Gail (Bisset) and David (Nick Nolte) are a couple vacationing in Bermuda who just happen to stumble upon some hidden treasure when scuba diving; right off the bat, one can expect that something more dramatic will ensue. The twosome, like many movie couples, are a bit clueless, and all too quickly accept the help of Romer Treece (Robert Shaw), a local treasure hunter. As it turns out, the area where they found some of the treasure is actually the wrecking site of a sunken ship, which also holds a failed morphine shipment that's worth millions.
While the group is much more interested in the treasure than the morphine, they find a fiend in Henri Cloche (Louis Gossett), who wants to make some money off of the drugs as well as collect the treasure. A race to get the goods starts off, but it's quite a hazardous one.
"The Deep" barely lifts a finger when it comes to the filmography of Peter Yates, a director whose credits include "Bullitt," "The Hot Rock," and "Breaking Away." It's one of his least stylish and most little-brained ventures, but Yates has a talent when it comes to directing thrillers. Luckily most of what makes "The Deep" good is its action and adventure, 95% of which takes place under the sea. It's highly difficult to film with believability, but Yates manages to bring it up to par with James Bond caper "Thunderball."
The underwater scenes range from being beautiful and quite mysterious to decently frightening. When they're riddled with suspense, the high-point being the epic finale, "The Deep" turns into a great movie. When the drama is on dry land, however, it all gets a bit sudsy. It's the uneven balance that pulls the film down, but when it's good, it's really good.
"The Deep" isn't Oscar-caliber entertainment in the way that "Jaws" was, but it's an action movie that manages to make us a little bit sentimental while still thrilling us.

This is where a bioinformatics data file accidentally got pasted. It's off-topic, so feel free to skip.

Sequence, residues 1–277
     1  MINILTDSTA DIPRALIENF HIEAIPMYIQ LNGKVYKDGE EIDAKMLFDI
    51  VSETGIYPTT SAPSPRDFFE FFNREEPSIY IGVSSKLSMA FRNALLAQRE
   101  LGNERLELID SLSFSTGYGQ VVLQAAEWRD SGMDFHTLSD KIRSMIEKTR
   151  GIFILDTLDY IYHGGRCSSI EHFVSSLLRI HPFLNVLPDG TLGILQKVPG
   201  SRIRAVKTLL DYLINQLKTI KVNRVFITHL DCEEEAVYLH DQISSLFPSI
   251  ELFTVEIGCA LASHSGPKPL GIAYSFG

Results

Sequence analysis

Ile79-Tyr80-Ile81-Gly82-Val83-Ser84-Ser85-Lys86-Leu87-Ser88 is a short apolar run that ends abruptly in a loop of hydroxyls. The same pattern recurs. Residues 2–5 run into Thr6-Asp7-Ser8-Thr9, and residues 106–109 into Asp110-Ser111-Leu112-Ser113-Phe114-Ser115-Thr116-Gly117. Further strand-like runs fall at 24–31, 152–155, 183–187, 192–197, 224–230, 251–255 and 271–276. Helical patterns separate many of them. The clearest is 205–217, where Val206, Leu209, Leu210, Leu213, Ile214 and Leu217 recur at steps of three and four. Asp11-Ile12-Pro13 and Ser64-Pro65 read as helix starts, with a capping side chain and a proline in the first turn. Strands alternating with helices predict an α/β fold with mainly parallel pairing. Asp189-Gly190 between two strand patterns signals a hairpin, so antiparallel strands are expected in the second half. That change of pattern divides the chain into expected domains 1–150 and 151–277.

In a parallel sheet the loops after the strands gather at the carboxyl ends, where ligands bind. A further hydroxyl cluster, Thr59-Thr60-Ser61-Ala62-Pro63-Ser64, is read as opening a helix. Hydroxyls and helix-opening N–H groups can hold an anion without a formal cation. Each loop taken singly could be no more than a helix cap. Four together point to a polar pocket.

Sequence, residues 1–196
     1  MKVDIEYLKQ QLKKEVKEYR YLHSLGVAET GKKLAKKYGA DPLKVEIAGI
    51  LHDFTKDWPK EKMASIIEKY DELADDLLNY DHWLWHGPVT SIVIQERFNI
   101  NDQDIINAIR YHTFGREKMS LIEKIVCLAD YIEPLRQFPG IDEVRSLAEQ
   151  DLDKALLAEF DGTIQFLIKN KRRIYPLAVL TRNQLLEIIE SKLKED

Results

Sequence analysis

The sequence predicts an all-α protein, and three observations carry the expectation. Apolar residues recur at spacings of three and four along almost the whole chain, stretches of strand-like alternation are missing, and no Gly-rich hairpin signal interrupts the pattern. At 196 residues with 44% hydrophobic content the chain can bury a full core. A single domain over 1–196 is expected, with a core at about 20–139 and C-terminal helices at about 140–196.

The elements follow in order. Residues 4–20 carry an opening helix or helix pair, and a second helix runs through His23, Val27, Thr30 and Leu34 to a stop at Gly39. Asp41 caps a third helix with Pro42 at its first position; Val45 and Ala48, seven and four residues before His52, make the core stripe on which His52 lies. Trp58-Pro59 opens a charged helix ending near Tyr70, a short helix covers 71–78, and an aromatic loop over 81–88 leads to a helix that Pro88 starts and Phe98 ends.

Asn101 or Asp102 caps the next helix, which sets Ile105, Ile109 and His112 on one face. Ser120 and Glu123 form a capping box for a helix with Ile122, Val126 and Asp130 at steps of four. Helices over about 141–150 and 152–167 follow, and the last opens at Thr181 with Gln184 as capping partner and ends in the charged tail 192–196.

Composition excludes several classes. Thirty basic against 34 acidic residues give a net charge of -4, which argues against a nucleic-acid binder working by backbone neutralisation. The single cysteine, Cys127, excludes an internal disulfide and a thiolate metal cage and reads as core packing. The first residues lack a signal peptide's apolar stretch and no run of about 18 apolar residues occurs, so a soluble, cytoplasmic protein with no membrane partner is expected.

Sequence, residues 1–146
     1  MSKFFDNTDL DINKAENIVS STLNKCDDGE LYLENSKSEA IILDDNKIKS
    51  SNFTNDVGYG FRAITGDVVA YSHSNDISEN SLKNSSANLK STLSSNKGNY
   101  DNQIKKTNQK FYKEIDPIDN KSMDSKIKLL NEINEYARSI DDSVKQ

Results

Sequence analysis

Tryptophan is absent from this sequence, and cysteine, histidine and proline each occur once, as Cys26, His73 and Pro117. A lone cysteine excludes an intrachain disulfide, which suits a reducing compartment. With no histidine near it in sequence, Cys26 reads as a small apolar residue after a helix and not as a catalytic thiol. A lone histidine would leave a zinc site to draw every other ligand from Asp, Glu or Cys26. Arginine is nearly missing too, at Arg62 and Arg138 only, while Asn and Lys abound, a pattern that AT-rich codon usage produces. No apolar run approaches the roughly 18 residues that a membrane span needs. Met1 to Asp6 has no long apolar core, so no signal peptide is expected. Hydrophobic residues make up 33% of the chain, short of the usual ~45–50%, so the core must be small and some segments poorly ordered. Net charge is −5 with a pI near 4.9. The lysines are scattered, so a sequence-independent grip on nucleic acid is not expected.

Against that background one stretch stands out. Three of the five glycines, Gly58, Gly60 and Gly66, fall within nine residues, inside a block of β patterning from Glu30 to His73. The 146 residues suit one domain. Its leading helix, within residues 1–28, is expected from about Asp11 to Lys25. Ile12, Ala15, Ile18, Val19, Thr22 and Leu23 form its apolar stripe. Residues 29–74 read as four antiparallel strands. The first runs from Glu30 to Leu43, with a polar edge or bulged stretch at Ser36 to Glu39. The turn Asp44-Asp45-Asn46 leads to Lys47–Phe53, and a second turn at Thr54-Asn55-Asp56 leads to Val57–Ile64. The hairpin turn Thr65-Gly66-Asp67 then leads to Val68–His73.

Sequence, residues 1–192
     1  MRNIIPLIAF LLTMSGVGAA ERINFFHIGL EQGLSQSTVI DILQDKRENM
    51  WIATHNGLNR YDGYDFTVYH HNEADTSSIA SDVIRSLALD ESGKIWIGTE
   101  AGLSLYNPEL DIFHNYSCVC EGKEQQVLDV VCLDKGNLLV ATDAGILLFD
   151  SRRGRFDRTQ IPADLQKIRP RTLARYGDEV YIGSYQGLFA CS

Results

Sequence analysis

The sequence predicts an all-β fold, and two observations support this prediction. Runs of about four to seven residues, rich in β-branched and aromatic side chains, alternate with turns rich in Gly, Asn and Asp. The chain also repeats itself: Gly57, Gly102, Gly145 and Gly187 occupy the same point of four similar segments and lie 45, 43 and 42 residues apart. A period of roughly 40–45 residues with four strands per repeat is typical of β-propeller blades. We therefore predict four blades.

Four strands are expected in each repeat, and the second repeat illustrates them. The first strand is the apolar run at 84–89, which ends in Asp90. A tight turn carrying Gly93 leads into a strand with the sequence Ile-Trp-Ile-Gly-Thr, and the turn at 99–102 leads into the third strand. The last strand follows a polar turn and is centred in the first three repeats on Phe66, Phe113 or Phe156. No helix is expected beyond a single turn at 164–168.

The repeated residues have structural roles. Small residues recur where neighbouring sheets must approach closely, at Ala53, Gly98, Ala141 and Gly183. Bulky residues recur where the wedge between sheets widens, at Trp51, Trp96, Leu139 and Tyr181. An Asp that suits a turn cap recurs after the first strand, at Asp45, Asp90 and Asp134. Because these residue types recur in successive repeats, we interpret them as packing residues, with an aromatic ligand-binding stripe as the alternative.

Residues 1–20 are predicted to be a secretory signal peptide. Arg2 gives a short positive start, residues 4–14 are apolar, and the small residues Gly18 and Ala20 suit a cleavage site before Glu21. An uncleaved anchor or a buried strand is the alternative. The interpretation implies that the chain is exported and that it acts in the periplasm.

The story follows a young couple on a romantic vacation in the Caribbean who stumble uon a sunken ship while scuba diving that could lead to untold riches...and immense danger.
The set up is rather typical for action/adventure/treasure hunt thrillers, but even then, it's pretty enjoyable. That last sentence mostly refers to the book. The movie on the other hand, is a dull mediocre disappointment, I'm not sure why either. Maybe Benchley just didn't care. It's obvious that he probably wasn't going to have this top Jaws, but still, he could have done a lot better.
The main thing is that the movie strips away a large amount of character development, condenses the story greatly, yet still has a run time of a little over 2 hours. The performances are okay, and there's a nice cast, including Robert Shaw, Eli Wallach, Nick Nolte, Jacqueline Bisset, and Louis Gossett Jr. but I really had a hard time buying Nolte in the lead, and he doesn't have much chemistry with Bisset. She looks great in a tight, wet , white bikini, though.
The film's pacing just seemed really off, and it would probably seem disorienting to those not familiar with the book, and those who've read it, like me, will just be mad at the sloppy adaptation. To the film's credit, some of the music is okay, and the cinematography is really good, and I did like the underwater sequences, but overall, this movie was kinda blah, and the cheesy ending was way too silly, so much so that I was almost considering hating on this even more.
I don't really recommend this, but if you want a treasure hunt movie, and don't mind if it's kinda bad, then sure, give this one a watch on a rainy day.